Description: Development of effective and durable breast cancer treatment strategies requires a mechanistic understanding of the influence of the microenvironment on response. Previous work has shown that cellular signaling pathways and cell morphology are dramatically influenced by three-dimensional (3D) cultures as opposed to traditional two-dimensional (2D) monolayers. Here, we compared 2D and 3D culture models to determine the impact of 3D architecture and extracellular matrix (ECM) on HER2 signaling and on the response of HER2-amplified breast cancer cell lines to the HER2-targeting agents Trastuzumab, Pertuzumab and Lapatinib. We show that the response of the HER2-amplified AU565, SKBR3 and HCC1569 cells to these anti-HER2 agents was highly dependent on whether the cells were cultured in 2D monolayer or 3D laminin-rich ECM gels. Inhibition of {beta}1 integrin, a major cell-ECM receptor subunit, significantly increased the sensitivity of the HER2-amplified breast cancer cell lines to the humanized monoclonal antibodies Trastuzumab and Pertuzumab when grown in a 3D environment. Finally, in the absence of inhibitors, 3D cultures had substantial impact on HER2 downstream signaling and induced a switch between PI3K-AKT- and RAS-MAPKpathway activation in all cell lines studied, including cells lacking HER2 amplification and overexpression. Our data provide direct evidence that breast cancer cells are able to rapidly adapt to different environments and signaling cues by activating alternative pathways that regulate proliferation and cell survival, events that may play a significant role in the acquisition of resistance to targeted therapies.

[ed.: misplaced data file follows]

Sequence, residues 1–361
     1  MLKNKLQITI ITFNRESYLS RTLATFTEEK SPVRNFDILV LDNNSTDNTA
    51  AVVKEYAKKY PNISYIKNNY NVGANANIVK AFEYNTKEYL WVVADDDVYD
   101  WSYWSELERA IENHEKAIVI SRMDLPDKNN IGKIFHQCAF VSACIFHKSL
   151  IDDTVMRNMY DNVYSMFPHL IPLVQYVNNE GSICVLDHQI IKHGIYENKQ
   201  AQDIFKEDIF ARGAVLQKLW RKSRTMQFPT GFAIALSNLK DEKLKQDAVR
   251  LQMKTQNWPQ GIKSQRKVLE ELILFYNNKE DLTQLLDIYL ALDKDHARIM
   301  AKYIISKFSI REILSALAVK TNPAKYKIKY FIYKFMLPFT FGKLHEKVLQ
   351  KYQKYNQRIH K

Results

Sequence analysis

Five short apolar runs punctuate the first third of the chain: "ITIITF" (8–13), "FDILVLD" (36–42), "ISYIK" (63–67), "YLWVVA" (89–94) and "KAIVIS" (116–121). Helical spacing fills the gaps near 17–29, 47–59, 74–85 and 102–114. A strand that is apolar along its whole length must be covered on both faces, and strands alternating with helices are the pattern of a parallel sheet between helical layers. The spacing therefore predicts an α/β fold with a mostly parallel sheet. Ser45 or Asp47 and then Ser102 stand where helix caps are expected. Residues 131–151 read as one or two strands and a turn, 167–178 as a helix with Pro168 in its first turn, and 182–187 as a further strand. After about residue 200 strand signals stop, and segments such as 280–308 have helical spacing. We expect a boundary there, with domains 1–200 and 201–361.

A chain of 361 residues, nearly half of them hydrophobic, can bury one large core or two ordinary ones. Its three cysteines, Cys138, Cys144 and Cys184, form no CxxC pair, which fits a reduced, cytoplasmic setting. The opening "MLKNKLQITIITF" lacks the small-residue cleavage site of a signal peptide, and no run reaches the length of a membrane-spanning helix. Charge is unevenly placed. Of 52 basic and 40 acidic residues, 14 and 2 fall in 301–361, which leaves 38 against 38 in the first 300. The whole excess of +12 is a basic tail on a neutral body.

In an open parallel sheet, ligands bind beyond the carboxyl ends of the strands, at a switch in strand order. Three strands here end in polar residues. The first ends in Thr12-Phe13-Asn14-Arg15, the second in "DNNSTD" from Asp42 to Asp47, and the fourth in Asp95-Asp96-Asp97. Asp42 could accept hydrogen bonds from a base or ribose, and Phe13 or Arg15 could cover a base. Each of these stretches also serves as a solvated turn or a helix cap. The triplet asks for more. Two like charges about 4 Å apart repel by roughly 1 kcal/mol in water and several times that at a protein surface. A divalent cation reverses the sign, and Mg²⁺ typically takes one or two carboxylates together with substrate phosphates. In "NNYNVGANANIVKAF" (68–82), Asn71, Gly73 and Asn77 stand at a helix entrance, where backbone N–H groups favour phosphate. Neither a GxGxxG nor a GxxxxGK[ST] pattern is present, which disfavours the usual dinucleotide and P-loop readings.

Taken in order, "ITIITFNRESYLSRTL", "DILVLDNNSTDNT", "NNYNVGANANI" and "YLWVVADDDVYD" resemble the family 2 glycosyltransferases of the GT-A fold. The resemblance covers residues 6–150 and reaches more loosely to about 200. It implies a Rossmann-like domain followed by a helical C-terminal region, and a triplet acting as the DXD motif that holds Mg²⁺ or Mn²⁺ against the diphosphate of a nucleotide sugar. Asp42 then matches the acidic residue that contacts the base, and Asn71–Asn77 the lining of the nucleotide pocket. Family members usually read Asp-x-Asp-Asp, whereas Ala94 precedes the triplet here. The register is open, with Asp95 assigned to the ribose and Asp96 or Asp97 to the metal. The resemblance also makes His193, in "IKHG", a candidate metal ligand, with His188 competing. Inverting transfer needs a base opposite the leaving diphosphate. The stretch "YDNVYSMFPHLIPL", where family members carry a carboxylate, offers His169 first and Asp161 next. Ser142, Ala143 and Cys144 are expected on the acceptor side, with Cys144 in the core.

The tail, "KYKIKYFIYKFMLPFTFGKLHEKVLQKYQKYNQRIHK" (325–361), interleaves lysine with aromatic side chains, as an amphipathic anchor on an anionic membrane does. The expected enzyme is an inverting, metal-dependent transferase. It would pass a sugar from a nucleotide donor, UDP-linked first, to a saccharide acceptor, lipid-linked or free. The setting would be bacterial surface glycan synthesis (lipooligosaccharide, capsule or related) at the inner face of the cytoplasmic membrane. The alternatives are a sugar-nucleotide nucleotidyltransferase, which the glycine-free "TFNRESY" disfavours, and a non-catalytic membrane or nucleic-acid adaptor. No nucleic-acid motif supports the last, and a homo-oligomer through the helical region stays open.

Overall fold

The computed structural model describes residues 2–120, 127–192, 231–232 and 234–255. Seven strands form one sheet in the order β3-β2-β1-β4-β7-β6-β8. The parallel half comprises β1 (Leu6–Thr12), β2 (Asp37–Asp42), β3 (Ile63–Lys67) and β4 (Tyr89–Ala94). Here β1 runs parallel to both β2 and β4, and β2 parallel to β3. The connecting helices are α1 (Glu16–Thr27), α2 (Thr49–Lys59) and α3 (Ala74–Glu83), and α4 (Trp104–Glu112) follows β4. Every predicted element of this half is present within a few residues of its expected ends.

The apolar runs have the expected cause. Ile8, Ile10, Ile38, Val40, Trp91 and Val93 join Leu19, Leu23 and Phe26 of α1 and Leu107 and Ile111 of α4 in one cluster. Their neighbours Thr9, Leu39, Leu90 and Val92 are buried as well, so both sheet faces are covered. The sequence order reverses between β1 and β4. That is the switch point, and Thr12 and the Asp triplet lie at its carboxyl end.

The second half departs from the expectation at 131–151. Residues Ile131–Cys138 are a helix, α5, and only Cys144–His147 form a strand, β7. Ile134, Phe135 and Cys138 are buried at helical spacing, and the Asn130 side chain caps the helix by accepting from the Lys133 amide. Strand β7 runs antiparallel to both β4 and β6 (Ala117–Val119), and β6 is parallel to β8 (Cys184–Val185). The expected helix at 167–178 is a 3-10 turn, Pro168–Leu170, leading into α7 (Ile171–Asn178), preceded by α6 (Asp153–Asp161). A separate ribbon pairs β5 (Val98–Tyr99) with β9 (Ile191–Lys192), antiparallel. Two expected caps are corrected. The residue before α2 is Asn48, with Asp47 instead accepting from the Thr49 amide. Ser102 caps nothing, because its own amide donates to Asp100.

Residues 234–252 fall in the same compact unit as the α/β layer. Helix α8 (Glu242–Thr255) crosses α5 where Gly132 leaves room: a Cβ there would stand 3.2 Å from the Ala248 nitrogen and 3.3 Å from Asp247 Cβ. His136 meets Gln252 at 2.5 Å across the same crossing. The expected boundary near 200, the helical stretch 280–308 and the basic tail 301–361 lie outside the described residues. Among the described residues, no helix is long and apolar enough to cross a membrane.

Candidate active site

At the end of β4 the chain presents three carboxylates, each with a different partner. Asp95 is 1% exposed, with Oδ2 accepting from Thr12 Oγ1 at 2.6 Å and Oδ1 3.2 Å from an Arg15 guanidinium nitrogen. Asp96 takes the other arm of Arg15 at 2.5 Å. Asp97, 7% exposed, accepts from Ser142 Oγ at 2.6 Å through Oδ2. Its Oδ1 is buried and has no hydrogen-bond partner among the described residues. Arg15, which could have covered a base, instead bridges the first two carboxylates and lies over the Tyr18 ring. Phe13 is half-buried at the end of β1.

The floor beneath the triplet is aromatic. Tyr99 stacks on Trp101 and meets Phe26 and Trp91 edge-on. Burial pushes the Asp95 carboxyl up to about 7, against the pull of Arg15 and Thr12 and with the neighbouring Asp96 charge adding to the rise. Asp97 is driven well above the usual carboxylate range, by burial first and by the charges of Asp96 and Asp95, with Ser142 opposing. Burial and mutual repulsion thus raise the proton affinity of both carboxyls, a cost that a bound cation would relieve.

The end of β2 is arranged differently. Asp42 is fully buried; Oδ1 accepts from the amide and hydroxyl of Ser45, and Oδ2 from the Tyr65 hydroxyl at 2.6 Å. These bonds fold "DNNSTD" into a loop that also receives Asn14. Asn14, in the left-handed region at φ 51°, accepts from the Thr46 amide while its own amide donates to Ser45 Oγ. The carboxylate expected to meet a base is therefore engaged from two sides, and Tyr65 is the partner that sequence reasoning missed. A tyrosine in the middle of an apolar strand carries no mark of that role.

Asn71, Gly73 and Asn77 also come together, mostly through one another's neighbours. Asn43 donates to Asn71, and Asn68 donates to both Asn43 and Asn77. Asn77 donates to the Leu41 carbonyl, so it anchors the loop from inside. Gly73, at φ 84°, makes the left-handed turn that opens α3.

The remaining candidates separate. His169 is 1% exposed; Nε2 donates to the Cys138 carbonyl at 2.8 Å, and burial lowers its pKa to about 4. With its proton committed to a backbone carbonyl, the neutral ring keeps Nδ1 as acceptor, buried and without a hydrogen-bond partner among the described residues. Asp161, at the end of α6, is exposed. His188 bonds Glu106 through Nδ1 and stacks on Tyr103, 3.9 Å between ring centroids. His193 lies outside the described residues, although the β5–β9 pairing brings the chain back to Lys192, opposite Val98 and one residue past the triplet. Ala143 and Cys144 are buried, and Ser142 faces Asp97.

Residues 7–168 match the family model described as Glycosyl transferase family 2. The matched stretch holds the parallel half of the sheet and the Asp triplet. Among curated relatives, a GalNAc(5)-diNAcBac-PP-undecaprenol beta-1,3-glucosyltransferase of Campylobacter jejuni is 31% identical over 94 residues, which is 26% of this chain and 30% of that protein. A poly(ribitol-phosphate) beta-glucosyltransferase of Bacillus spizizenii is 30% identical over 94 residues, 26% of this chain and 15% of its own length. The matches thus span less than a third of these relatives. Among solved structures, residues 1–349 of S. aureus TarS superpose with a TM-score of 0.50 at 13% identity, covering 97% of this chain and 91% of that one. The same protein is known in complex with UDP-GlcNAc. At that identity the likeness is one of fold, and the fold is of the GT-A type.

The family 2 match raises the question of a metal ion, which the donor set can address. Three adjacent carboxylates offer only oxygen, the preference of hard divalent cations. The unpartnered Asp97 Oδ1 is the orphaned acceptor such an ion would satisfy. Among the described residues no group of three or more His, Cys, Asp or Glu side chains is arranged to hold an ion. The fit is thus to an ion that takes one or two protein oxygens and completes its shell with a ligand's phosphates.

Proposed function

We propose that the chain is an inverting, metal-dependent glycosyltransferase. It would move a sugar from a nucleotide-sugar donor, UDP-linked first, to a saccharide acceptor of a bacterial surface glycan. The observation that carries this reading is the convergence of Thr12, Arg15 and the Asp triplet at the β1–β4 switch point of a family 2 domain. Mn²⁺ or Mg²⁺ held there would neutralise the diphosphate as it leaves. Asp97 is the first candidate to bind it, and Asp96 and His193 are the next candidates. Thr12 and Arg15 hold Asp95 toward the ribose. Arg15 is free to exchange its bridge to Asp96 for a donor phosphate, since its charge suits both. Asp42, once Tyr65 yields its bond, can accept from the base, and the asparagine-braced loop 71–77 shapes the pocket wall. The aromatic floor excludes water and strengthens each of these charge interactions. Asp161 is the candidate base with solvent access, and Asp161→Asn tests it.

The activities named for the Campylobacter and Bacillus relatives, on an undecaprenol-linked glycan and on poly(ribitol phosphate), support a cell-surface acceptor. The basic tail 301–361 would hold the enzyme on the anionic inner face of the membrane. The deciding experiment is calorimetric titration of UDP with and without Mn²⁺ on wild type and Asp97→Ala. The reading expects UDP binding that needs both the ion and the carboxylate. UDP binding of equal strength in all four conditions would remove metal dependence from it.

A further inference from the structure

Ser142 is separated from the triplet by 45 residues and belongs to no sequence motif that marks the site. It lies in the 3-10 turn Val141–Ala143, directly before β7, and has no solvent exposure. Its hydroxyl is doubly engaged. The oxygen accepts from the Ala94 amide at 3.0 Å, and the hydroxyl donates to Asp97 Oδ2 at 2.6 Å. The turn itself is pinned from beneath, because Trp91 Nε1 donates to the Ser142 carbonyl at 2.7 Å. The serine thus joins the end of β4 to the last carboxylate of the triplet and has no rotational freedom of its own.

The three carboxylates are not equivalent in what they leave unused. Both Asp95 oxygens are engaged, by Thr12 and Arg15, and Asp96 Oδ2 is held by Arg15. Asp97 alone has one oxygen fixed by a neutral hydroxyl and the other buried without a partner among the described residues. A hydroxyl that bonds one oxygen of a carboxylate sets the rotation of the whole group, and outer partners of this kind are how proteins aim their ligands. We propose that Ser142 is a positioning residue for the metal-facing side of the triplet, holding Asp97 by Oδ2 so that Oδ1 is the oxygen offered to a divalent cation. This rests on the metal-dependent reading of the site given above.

Date: July 27, 2009
Creator: Weigelt, Britta; Lo, Alvin T; Park, Catherine C; Gray, Joe W & Bissell, Mina J

Ultrafast gigantic photo-response in charge-ordered organic salt (EDO-TTF)2PF6 on 10-fs time scales

Description: The initial dynamics of photo-induced phase transition in charge-ordered organic salt (EDO-TTF){sub 2}PF{sub 6} was investigated using 10-fs near-infrared laser pulses. We observed sub-20-fs gigantic photo-responses (|{Delta}R/R|>100%) due to intra-molecular vibration and a clear signature of a structural bottleneck ({approx}50 fs) for the first time.
Date: August 1, 2008
Creator: Itatani, J.; Rini, M.; Cavalleri, A.; Onda, K.; Ishikawa, T.; Ogihara, S. et al.

Elements of an environmental decision support system for seasonal wetland salt management in a river basin subjected to water quality regulation

Description: Seasonally managed wetlands in the Grasslands Basin on the west-side of California's San Joaquin Valley provide food and shelter for migratory wildfowl during winter months and sport for waterfowl hunters during the annual duck season. Surface water supply to these wetlands contain salt which, when drained to the San Joaquin River during the annual drawdown period, can negatively impact water quality and cause concern to downstream agricultural riparian water diverters. Recent environmental regulation, limiting discharges salinity to the San Joaquin River and primarily targeting agricultural non-point sources, now also targets return flows from seasonally managed wetlands. Real-time water quality management has been advocated as a means of continuously matching salt loads discharged from agricultural, wetland and municipal operations to the assimilative capacity of the San Joaquin River. Past attempts to build environmental monitoring and decision support systems (EDSS's) to implement this concept have enjoyed limited success for reasons that are discussed in this paper. These reasons are discussed in the context of more general challenges facing the successful implementation of a comprehensive environmental monitoring, modelling and decision support system for the San Joaquin River Basin.
Date: June 1, 2009
Creator: Quinn, N.W.T.

Multi-Modality Phantom Development